2 February 2015
According to a statement released by the Memorial Human Rights Centre, attacks on the constitutionally guaranteed freedom of assembly have taken on a fresh dimension now that the first criminal cases have been initiated under the new Article 212.1 of the Criminal Code of the Russian Federation (“‘repeated infringement of the established order for organising or holding” public events).
Cases were initiated on 16 January 2015 against Vladimir Ionov, on 20 January against Mark Galperin and on 30 January against Ildar Dadin, all of the defendants having been detained at public demonstrations. Whereas earlier we were dealing with systematic violations of the right to freedom of assembly, these new provisions of criminal and administrative law do more than simply breach that right - they represent the final abolition of freedom of assembly in Russia.
In our opinion, Article 212.1 of the Criminal Code of the Russian Federation flies in the face of Russian legislation, the Constitution of the Russian Federation and the provisions of international law, in particular because it is based on the premise of being punished twice for the same offence (first under administrative law, and then under criminal law).
The Article provides for prison sentences of up to five years, despite the fact that the risk posed to the public by this “offence” is negligible or entirely lacking. The demonstrations in which Vladimir Ionov and Mark Galperin participated were furthermore individual pickets which do not require authorisation, but which were deemed by the police and the court (with the help of provocateurs) to be mass protests.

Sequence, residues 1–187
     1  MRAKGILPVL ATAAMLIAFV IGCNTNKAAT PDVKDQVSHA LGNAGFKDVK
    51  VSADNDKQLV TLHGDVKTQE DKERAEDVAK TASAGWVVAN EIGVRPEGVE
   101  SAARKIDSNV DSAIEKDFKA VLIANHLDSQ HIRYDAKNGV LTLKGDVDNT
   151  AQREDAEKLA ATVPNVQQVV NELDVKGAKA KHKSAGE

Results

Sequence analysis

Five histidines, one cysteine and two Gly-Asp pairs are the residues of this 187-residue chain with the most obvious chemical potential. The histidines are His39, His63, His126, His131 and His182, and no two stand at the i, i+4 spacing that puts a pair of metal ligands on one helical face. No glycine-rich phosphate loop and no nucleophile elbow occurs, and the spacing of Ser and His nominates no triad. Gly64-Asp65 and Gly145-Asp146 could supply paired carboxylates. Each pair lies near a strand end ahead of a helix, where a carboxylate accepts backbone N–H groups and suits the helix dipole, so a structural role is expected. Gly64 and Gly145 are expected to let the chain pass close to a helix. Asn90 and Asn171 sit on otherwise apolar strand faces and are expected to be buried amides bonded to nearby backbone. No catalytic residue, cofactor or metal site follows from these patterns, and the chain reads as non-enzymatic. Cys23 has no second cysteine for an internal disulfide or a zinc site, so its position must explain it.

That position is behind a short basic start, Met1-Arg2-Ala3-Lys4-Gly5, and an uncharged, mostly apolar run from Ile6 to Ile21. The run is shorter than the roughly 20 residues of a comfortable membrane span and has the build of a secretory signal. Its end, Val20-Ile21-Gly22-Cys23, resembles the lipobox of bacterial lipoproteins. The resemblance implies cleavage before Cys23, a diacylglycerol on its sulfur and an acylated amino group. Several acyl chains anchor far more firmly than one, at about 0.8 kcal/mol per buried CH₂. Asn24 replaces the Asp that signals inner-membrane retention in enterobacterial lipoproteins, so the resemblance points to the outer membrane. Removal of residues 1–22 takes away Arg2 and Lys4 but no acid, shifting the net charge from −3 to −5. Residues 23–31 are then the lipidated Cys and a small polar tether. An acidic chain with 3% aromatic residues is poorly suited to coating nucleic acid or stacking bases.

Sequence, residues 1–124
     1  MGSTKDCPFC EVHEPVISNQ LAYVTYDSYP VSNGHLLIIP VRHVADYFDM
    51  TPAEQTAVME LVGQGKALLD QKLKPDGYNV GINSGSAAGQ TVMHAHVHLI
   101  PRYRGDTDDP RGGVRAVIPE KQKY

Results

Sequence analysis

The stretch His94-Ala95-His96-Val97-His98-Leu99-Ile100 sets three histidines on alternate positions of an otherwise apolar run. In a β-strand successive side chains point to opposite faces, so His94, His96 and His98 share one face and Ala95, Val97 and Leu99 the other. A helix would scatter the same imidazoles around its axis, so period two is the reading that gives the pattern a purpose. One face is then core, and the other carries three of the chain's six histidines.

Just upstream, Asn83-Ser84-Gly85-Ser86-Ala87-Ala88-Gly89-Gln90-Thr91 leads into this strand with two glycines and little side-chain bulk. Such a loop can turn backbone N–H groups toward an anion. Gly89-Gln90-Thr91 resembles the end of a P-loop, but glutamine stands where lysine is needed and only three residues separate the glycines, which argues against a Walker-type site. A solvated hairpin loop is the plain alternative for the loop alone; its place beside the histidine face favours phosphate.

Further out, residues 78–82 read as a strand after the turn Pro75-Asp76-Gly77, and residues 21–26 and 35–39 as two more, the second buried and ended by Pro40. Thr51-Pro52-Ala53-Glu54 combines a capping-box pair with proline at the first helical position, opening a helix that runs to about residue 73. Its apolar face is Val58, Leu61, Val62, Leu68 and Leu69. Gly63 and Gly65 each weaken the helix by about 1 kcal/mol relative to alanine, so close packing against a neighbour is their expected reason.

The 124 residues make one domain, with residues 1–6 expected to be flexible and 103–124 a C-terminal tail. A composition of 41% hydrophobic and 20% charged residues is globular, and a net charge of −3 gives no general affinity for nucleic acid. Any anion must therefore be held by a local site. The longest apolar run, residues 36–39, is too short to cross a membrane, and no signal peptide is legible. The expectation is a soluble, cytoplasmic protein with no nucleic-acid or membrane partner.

Another significant development is that the new law makes criminal liability dependent not on the risk to the public of the “crime” in question, but on repeated infringements, which in legal terms may only be used to characterize the individual person, but not the act itself.
The new criminal legislation is part of a wider attack on freedom of assembly in Russia. Exorbitant fines and administrative arrests for repeated infringements of the rules on mass demonstrations were also introduced into administrative legislation last summer, at the same time as the adoption of Article 212.1 of the Criminal Code.
Vladimir Ionov and Mark Galperin were sentenced under these provisions: Ionov on 16 January to a fine of 150,000 rubles and Galperin to 30 days of administrative arrest in accordance with the recently adopted Article 20.2(8) of the Code of Administrative Offences.
The “previous offences” cited in Galperin’s case had taken place in February, March and June 2014, or in other words before the relevant article on repeated infringement had come into force. As indicated above, it should also be noted that some of the charges against Ionov and Galperin related to the organisation of individual pickets, which require no authorisation under Russian legislation, and hence they cannot have violated the relevant rules.
Ionov was detained on 10 January while manning an individual picket with a sign reading “Je suis Charlie”. A provocateur came up and stood next to him, thus turning his individual picket into a “mass demonstration” which required authorisation (this is a common method used to disperse individual pickets and have the demonstrators arrested).
The very evidence used in the administrative cases which form the basis for the criminal cases initiated under Article 212.1 of the Criminal Code is also questionable to say the least: people are often unjustly detained at mass demonstrations and accused in the administrative records of offences which they did not commit, while the rulings handed down by judges frequently ignore not only the statements provided by the “offenders”, but also eyewitness accounts and photographic and video evidence if these contradict police statements.
Unjust rulings by judges in administrative cases may ultimately be used as a convenient excuse to initiate criminal cases under Article 212.1 of the Criminal Code.
Source: For the full text in Russian, see: Memorial Human Rights Centre, Moscow
Translated by Joanne Reynolds
HRO.org in English >